classy_blocks Tutorial Part 4: Projections

In Part 3 of this classy_blocks tutorial I mentioned that classy_blocks and blockMesh are not CAD software so they can’t produce the same surfaces. In order to obtain the exact form we want, blockMesh offers a very powerful but poorly documented tool: projections.

Available Geometry

There are two kinds of geometry that OpenFOAM currently understands: searchable and triangulated surfaces.

Searchable Surfaces

The former are geometrical entities that can be described with a handful or parameters (sphere, cone, plane, box, …). If you used snappyHexMesh you should know at least a few of them. Luckily, blockMesh understands them just as well. Unluckily, each OpenFOAM version supports a little different set of those. You’ll have to get to know your version a little better. Here are some links to start with:

Triangulated Surfaces

Those are plain old STL or OBJ files (and others) that users can provide. They can be exported from CAD and are the most general kind. Alas, they have some drawbacks:

  • Models of very high precision will require huge amounts of triangles – high space usage.
  • Low-precision models can cause bad meshes.
  • They cannot be parametrically defined.

With those surfaces there’s always a compromise between size and accuracy; usually there are no problems on high-Re meshes with no boundary layers. However, when one wants extra-thin boundary layers, bad triangulation can cause illegal cells on the wall.

Put your triangulated surface files in constant/geometry.

Specification in classy_blocks

There’s no real difference between specifying a surface in blockMesh or in classy_blocks. If blockMesh requires this:

    type searchablePlane;
    planeType pointAndNormal;
    point (-1 0 0);
    normal (1  0  0);

Then classy_blocks requires:

geometry = {
    "wall": [
        "type searchablePlane",
        "planeType  pointAndNormal",
        "point (-1 0 0)",
        "normal (1  0  0)",
    "roof": [
        "type triSurfaceMesh",
        "name roof",
        "file 'roof.stl'",

Note that you don’t need semicolons at the ends of lines; everything else is quite the same, except it’s packed in Python dictionaries.

Projecting Stuff to Things

We have this simple box and we want to project one side of it to that pretty pink triangulated surface:


We’ll simply say box.project_side("top", "roof"). Which side you’ll project – of course – depends on how you placed the box.

It sort-of does the job but if you take a closer look, edges and vertices didn’t move. This not only doesn’t conform to our geometry but also created very bad – stretched – cells near those edges. We should project edges to that ‘roof’ as well.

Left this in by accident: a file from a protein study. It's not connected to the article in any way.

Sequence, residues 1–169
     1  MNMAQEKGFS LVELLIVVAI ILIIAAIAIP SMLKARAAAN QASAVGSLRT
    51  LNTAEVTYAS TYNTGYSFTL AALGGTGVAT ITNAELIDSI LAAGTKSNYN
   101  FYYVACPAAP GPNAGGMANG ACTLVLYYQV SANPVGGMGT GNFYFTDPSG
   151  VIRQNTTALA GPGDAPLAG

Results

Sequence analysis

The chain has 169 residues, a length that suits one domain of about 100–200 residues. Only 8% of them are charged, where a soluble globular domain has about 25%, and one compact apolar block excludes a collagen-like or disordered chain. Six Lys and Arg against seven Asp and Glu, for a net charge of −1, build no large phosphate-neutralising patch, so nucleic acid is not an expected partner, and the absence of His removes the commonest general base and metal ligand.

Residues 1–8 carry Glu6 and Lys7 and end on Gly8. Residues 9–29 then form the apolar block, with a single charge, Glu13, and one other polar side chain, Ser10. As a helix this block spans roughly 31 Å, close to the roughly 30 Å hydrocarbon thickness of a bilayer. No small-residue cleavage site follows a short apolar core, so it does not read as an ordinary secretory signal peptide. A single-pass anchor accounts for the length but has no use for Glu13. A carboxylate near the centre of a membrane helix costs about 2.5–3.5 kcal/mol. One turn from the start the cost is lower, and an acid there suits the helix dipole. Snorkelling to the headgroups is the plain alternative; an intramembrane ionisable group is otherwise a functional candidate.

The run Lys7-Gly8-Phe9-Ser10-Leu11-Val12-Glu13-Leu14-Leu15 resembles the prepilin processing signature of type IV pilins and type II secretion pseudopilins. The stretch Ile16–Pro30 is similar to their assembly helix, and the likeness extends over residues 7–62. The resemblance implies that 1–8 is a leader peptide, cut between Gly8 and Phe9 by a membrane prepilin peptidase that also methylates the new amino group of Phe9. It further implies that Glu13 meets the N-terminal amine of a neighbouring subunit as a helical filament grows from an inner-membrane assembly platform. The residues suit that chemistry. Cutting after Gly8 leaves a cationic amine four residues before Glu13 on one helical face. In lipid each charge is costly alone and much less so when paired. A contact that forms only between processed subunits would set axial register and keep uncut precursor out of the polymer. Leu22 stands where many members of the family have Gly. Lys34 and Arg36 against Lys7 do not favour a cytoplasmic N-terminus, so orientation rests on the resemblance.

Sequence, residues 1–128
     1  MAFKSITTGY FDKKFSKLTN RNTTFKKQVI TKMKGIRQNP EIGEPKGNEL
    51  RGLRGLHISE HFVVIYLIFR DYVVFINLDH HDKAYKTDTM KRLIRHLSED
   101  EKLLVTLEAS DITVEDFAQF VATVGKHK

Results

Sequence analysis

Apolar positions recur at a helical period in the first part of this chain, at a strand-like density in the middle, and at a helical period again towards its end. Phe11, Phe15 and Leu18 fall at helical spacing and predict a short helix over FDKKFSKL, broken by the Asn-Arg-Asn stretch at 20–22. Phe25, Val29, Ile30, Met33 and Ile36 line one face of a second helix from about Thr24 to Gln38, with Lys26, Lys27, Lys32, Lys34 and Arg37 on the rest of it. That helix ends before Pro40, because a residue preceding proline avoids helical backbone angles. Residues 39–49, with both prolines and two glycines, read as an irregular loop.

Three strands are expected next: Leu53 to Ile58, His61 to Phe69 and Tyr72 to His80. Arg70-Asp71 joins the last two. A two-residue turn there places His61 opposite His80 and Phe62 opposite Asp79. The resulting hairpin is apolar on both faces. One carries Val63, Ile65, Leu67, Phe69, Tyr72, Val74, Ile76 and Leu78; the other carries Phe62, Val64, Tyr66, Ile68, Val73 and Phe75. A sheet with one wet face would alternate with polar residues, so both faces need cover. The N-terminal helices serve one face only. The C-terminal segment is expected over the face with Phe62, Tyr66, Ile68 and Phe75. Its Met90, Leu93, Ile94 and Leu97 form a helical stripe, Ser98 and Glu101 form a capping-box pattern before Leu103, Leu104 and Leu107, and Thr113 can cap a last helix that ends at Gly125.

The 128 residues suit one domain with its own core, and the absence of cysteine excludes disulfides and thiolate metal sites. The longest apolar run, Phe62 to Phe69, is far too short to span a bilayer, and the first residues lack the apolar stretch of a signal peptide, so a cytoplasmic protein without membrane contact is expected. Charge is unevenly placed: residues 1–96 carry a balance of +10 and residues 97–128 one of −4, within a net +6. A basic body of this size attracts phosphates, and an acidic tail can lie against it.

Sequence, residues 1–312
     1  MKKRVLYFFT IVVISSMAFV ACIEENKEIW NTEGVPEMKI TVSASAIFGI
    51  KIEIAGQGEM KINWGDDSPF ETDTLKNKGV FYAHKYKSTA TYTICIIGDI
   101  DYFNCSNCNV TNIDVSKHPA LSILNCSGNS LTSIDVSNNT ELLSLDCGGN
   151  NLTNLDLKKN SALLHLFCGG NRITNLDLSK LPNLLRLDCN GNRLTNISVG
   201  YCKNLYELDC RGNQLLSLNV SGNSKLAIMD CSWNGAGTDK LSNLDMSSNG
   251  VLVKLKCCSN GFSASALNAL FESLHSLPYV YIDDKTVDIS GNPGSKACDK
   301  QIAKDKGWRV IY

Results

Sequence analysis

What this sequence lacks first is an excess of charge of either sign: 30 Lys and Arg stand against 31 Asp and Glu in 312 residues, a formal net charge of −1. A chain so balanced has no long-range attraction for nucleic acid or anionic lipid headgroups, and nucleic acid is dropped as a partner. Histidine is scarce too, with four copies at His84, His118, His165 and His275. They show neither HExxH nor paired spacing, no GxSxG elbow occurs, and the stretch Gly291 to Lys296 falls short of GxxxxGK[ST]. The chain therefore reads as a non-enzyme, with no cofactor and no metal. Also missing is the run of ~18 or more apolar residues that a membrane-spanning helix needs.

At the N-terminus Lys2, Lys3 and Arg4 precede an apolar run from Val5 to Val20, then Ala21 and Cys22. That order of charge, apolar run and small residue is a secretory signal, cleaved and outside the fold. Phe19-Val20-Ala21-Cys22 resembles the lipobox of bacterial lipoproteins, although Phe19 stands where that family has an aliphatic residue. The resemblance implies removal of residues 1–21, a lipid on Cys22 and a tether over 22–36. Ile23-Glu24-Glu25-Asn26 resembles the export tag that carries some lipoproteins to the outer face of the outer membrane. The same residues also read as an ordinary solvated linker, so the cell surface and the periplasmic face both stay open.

If you want to project a specific edge, you can do box.project_edge(0, 1, "roof"). Again, the numbers denote start and end vertex of the edge and that depends on how you placed the box. And voila, the edge is now projected to our surface!

Alas, that is still not what we want. Projections in blockMesh work by finding the closest point on the surface and moving selected points there. In this case, closest points are not in the same plane so the whole side of our box is deformed.

There’s a remedy to that: we can project the edge to an intersection of two surfaces. We’ve already defined a plane so let’s project this edge to both:

box.project_edge(0, 1, [“terrain”, “front_wall”])

box.project_edge(0, 1, ["terrain", "front_wall"])

There we have it! An edge, projected in only one plane, as desired.

Still, if you take a closer look, our box corners are still at the same spot so those cells have a great potential to lose quality when creating a finer mesh with given surface. We should project those as well.


Projecting a Vertex to a geometry will move it in any direction – the only goal is finding the closest position on given surface. Similar to edges, you can project them to an intersection of two surfaces or even three. The latter case will fix their point precisely. However, in source code of this feature there’s a comment that this is a work-in-progress so there might be some hidden bugs.

box.project_corner(0, ["roof", "left_wall", "front_wall"])

Everything At Once…

If we wanted to project a block face, including its edges and vertices, we’d have to write 9 box.project_<something>() calls. Here, classy_blocks gives you a shortcut: you can specify operation.project_side(geometry, edges=True, points=True) and it’ll snap edges and vertices to specified geometry. However, if you want to project entities to intersections of surfaces, you’ll still have to specify those by hand.

…Or One at a Time

If you project an edge to a single surface and then project the same edge to a different surface, it will not be replaced, but added to the list.

This will (already has) prove very handy when building somewhat complicated geometries where you don’t have all the data available all the time. For instance, you create a channel from straight blocks, then project left edges to left surface and top edges to top surface. Some edges will be projected to both left and top because that’s the way channels are made… And you don’t have to worry about that at all!


That’s it for now! Be back soon, there’s more to come!